Book Review: The Bullet Journal Method by Ryder Carroll

I will start by saying that I have been wanting to read this book ever since I laid eyes on it on the Barnes & Noble New Releases table. I am a notebook nerd and an avid collector of journals that I write nothing in because I fear the permanency of what gets written. I know it is weird to say [and possibly an even weirder act], but my collection contains neither bullet nor Leuchtturm1917 branded journals. ADD SENTENCE HERE.

The Bullet Journal Method falls into the self-help category as it flows through the methodology by providing user anecdotes, famous quotations for inspiration, and advice that makes the readers stop and consider how the method could improve their lives. The text is chock-full of exemplars of the methodology with repeated examples and thorough explanations in an easy-to-follow guide.

There are many surprises in this book for newbies of The Bullet Journal Method (which the author lovingly calls the BuJo method for short):

The first is that the BuJo method does not require you to purchase any specific product from their product line in order to journal. So many of the self-help/time management methods refer to further products in a "you really need this" fashion, but the BuJo method seems primarily concerned with the method itself without needing to sell you an additional product in order for the system to work.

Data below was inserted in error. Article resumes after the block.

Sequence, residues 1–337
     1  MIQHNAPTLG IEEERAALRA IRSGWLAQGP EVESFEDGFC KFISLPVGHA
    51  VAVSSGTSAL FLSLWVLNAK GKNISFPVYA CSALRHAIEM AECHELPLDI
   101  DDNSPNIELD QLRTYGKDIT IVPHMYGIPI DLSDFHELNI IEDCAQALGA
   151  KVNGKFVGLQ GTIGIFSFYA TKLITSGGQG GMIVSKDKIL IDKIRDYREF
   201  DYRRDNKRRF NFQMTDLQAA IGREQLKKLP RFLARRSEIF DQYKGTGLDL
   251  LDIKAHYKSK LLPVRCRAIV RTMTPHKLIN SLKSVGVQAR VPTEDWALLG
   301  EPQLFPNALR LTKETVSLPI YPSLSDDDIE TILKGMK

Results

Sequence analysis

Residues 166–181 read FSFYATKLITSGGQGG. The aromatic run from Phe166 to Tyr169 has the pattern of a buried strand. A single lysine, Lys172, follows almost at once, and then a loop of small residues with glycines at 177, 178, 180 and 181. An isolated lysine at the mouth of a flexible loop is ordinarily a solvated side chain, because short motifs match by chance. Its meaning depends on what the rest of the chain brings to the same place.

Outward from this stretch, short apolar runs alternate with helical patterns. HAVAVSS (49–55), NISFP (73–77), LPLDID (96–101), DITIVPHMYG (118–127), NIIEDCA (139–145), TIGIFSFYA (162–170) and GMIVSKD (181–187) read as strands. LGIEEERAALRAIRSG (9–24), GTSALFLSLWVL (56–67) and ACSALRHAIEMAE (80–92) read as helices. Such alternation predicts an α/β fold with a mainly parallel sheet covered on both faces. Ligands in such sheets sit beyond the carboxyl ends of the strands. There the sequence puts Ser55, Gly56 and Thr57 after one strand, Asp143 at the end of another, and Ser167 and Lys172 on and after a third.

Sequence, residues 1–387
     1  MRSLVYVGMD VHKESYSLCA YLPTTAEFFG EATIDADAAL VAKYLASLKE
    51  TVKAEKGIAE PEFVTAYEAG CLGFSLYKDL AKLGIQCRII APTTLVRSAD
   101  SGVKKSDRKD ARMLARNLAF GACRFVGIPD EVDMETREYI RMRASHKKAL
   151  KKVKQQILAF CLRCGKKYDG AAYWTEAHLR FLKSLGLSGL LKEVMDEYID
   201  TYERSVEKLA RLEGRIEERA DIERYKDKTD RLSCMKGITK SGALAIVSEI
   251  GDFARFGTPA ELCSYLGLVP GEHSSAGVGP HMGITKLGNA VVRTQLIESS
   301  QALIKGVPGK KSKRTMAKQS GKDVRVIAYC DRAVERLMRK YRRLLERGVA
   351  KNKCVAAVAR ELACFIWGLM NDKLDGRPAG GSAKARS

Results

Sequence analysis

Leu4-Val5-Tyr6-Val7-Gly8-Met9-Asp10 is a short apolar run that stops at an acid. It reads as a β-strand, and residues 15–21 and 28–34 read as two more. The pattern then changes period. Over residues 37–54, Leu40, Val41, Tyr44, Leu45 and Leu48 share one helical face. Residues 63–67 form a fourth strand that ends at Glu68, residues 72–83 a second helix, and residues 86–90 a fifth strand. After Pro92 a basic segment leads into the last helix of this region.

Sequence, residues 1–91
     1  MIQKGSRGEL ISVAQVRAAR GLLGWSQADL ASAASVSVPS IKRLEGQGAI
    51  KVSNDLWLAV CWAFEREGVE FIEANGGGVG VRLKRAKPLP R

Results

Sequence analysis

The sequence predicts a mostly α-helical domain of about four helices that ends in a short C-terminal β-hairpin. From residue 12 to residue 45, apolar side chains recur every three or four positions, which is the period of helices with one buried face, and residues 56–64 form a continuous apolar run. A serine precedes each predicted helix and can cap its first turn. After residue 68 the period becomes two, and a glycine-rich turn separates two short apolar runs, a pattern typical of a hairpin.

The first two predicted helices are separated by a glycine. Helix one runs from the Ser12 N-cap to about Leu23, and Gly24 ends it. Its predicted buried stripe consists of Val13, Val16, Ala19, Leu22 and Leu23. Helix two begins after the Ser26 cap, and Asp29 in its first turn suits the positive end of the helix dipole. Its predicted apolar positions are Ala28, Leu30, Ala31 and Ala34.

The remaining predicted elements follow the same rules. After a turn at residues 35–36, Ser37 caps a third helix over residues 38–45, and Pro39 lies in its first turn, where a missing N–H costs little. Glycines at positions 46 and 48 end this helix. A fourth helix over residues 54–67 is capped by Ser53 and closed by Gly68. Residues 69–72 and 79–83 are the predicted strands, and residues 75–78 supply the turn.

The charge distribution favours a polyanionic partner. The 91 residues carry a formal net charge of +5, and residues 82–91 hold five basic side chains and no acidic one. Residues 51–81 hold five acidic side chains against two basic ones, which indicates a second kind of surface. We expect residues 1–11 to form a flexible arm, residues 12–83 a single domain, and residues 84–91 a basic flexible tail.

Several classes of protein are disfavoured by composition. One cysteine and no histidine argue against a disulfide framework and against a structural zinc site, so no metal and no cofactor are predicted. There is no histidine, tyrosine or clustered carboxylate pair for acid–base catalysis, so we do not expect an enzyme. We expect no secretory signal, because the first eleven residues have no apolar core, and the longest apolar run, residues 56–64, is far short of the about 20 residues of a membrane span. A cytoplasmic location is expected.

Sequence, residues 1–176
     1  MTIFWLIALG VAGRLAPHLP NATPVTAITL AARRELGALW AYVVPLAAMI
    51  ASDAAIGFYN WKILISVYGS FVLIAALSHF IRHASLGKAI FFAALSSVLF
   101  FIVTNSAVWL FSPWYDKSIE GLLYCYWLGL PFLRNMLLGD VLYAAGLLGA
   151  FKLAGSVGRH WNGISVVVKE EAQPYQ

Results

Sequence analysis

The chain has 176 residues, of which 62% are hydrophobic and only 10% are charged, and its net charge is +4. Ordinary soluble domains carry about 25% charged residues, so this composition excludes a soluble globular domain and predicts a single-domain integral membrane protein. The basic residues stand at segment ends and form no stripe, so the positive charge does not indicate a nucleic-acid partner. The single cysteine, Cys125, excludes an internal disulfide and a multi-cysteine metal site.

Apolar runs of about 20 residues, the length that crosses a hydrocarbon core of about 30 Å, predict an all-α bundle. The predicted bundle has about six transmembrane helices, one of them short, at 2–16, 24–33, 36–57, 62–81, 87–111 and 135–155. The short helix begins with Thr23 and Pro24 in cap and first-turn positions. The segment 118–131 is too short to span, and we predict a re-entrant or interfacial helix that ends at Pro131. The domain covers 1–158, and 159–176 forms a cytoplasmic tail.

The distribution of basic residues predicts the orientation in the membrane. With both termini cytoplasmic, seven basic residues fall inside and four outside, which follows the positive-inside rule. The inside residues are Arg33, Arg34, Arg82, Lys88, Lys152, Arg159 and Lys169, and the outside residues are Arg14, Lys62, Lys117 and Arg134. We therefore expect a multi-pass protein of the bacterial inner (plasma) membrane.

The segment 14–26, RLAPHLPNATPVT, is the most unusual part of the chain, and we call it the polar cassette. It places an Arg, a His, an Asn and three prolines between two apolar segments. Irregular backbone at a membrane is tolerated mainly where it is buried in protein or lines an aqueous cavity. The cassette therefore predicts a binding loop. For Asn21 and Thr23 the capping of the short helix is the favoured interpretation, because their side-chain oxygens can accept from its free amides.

Second, the BuJo method is unique and easily personalized. However, Ryder (a writer I feel wouldn't mind a first-name reference) is quick to remind readers that learning and using the base structure is important before moving on to the more complicated personalizations. I love the illustrations provided from real users throughout the book and the anecdotal stories of BuJo success that make the reader consider the greater implications of the methodology.

The last surprise (mentioned in this post) is the use of inspirational quotations and quick to reference page-breaks to weave the BuJo method together. Readers are submerged head-first into the methodology as Ryder [successfully] attempts to inspire readers as much as teach his technique. Partnering his own words with quotations from famous literary and historical figures makes this an inspirational read that will inevitably leave a lasting impression on its reader.

Here are some of my favorite words from the author:

  • "To be useful, you must become useful, especially to yourself. You can't improve the world around you if you can't improve the world within. Choose your friends wisely, and be a friend to yourself" (126).

  • "Reflection is the nursery of intentionality. It grants us the protected mental environment we need to reclaim some much-needed perspective and begin to ask why" (133).

  • "The big misconception is that the alternative to perfection is failure. Mercifully, life isn't binary; it exists on a spectrum. On one side, we have the unattainable: perfection. On the opposite side, we find the unavoidable: chaos. All of the beauty that exists in the world hangs in the balance" (224).

I absolutely loved reading The Bullet Journal Method and feel that it is a must-read for anyone who wants to improve productivity and organization. However, as many individuals have asserted in other reviews, a YouTube video may be more productive if you are only interested in the format rather than the method. I found this book to be a good blend of both. 

My Rating: ⭐⭐⭐⭐